> I'm going through some of the materials I pulled down from your
> web site. Some questions:
> What is a long-haul RPT? For the life of me, I cannot figure out
> what this acronym means.
> Who is Dagger Dirk?
> Somewhere in these materials, it is mentioned that Qantas
> re-introduced the second officer cum flight engineer. When did this
> happen? On all or on just some aircraft?
> Virgin bus: You have argued for this kind of "get-you-home"
> capability, but how would it be wired? I mean, wouldn't all wiring
> eventually have to go to the same places? If you could provide
> additional and detailed thoughts on your concept, I would not only
> appreciate it, I might print your suggestion in a side box.
> Many thanks,
Subject: Replies to your Queries
Date: Thu, 12 Nov 1998 02:22:10 -3440
From: IASA Safety <email@example.com>
To: David Evans <firstname.lastname@example.org>
Dagger_Dirk is a pseudonym (nom de guerre). It was also my Forward Air Controller callsign (from my war-like days). It was originally my intention to keep the site anonymous (but I was forgetting how easily recognisable my old callsign was).
Long-haul RPT is the in-term for trans-oceanic Regular Public Transport. RPT is a much used ICAO acronym that differentiates charter and air-cargo and air-work from the more serious business of pax-carrying in accordance with a published schedule. In the sense in which I use it I am particularly discriminating between (and contrasting the different considerations for) puddle-jumper feeder-liner regional commuter operations (which are never more than 10 to 12 mins from a landable airport in CONUS) and international flights which are always way above landing weight for the first three hours and then too remotely located for an urgent recovery. Farnborough AVMED in 1998 had some in-depth seminars on the subject of chronic pilot fatigue (or ennui) brought about by very inactive long duty hours. In the older turbo-props and jets those hours were broken up by the demands of Loran Navigation, HF selcal comms and cross-feed, cross-transfer tasks, how-gozit charts, comms relay
etc. Nowadays,because of FMS and TCAS collision avoidance systems, the typical airline pilot has very little function enroute and most Company OPS manuals don't permit reading books or newspapers etc. Ennui fatigue has led to a lot of Aviation Medico's grounding pilots for short periods on other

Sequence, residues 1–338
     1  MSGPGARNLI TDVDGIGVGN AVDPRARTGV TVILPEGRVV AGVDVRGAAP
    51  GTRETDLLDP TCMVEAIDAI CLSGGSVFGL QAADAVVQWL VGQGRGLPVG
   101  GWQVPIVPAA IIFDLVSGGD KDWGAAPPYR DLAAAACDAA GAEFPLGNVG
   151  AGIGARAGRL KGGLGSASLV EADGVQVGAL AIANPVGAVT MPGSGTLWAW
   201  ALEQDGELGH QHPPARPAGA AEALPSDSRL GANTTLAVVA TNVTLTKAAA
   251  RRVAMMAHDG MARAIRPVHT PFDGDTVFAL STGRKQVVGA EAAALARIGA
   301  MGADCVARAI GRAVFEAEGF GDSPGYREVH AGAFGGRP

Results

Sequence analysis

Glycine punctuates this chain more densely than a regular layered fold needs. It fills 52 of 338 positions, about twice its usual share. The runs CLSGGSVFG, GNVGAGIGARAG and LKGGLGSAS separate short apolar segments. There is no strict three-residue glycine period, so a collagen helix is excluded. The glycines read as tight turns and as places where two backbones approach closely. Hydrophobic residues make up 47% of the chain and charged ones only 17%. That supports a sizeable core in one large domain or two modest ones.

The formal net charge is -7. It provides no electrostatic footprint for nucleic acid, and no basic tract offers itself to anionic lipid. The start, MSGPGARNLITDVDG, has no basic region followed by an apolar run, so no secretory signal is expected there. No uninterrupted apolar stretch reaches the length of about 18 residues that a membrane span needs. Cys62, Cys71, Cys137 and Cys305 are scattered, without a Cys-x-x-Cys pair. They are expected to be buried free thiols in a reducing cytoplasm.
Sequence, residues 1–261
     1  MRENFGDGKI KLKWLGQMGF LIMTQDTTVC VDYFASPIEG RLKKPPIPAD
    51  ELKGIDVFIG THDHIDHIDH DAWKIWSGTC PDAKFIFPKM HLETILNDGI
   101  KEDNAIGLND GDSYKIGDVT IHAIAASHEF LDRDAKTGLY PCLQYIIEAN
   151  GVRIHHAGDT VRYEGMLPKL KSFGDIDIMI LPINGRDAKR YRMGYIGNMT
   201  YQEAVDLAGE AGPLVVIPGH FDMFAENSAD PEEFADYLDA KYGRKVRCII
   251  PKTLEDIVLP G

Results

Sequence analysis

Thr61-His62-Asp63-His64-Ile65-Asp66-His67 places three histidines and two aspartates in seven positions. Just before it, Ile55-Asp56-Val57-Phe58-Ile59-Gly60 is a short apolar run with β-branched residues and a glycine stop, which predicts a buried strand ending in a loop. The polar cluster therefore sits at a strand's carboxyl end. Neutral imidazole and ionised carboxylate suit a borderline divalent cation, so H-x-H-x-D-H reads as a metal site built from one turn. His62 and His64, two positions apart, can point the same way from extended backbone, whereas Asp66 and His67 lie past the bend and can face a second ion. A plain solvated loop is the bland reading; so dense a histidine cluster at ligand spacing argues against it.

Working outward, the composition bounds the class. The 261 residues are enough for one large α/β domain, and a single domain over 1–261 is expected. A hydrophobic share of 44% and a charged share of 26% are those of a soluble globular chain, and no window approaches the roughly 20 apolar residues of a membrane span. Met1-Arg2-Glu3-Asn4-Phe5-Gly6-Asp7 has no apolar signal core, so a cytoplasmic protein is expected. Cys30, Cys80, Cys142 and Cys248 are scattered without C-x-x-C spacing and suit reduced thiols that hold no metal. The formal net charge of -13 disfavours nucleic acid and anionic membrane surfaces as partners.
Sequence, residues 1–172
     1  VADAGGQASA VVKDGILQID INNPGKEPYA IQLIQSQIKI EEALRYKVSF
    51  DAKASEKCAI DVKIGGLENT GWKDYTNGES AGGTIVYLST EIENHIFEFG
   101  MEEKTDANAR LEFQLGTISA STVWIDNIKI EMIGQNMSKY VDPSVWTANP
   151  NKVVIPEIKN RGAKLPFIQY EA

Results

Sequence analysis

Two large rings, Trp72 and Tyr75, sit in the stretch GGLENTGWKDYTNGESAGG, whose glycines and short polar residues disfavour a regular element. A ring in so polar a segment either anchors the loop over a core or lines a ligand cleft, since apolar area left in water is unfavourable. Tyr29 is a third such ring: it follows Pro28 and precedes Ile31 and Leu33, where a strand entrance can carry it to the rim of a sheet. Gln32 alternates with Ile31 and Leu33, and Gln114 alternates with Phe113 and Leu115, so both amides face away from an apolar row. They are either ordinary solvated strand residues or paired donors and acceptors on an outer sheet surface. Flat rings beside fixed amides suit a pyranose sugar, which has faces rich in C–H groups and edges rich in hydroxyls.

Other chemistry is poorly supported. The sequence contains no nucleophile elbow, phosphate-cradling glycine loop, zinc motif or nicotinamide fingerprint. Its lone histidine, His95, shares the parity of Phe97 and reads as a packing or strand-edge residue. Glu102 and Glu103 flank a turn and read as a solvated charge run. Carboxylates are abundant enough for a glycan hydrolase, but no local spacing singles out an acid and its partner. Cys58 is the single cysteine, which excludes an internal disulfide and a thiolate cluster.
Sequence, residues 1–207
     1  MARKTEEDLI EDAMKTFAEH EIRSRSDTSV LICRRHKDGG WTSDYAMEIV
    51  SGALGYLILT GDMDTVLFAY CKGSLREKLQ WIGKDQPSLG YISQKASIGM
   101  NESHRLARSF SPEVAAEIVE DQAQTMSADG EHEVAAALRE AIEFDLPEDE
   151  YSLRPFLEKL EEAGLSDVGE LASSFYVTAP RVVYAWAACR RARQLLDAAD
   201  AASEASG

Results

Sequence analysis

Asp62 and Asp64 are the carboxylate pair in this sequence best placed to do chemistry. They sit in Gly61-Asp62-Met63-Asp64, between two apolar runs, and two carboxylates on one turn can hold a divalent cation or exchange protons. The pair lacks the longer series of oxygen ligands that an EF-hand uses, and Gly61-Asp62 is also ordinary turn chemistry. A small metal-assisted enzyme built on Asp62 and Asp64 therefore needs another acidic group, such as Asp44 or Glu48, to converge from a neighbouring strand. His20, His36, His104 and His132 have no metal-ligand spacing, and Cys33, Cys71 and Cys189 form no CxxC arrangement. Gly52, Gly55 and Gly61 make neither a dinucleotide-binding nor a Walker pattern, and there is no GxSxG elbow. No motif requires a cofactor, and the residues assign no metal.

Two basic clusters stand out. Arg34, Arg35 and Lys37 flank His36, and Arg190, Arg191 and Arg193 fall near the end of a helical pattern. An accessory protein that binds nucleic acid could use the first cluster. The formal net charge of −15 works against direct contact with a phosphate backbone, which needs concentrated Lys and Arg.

pretexts - because airline management construe complaints of ennui fatigue as shirking or opportunistic hypochondria. Fatigue due to enforced inactivity is slowly being recognised as a CRM factor. Of most concern is the low awareness thresholds that accompany it. A pilot being alerted to a malfunction by a seductive female EICAS voice is not likely to instantly galvanize into action. On the contrary, he is highly likely to misinterpret a situation and react inappropriately.
QANTAS has always had second officers on RPT Long-Haul. In part this was a hang-over from the B707 and Super Connie era and the fact that most international flights are long-haul sectors ex OZ. Mostly it is because QANTAS see the progression through that position to FO and then eventually into Command Training as a logical progression. By the time a pilot is FO qualified he has a very substantial grounding in aircraft technical subjects. The Second Officer does most of his backup through participatory observation and cruise seat time. It is a participatory post and not a dead-heading relief crew position as in Virgin Atlantic's Long-Haul routes to HK and beyond. The presence of a younger crash-buddy tends to promote more teaching/learning review and revision than would otherwise be the case in a two man show. It was always necessarily thus in Air Force crews where the throughput was higher. The presence of a junior always tends to put the seniors more on the qui vive and less prone to ennui induced errors (like overrunning beacons for a CFIT experience). However a lot of older F/E's would say that the old duty statement for a FE was a sounder proposition (i.e. no progression to a pilot seat and a defined responsibility for turn-around maintenance - i.e. an FE career structure as still exists with the RAAF, RAF and USN's plane captains ). In my experience they were always a tight, proud brotherhood and were rarely found wanting.
Look again at this extract from my landings3.html page:
THE VIRGIN BUS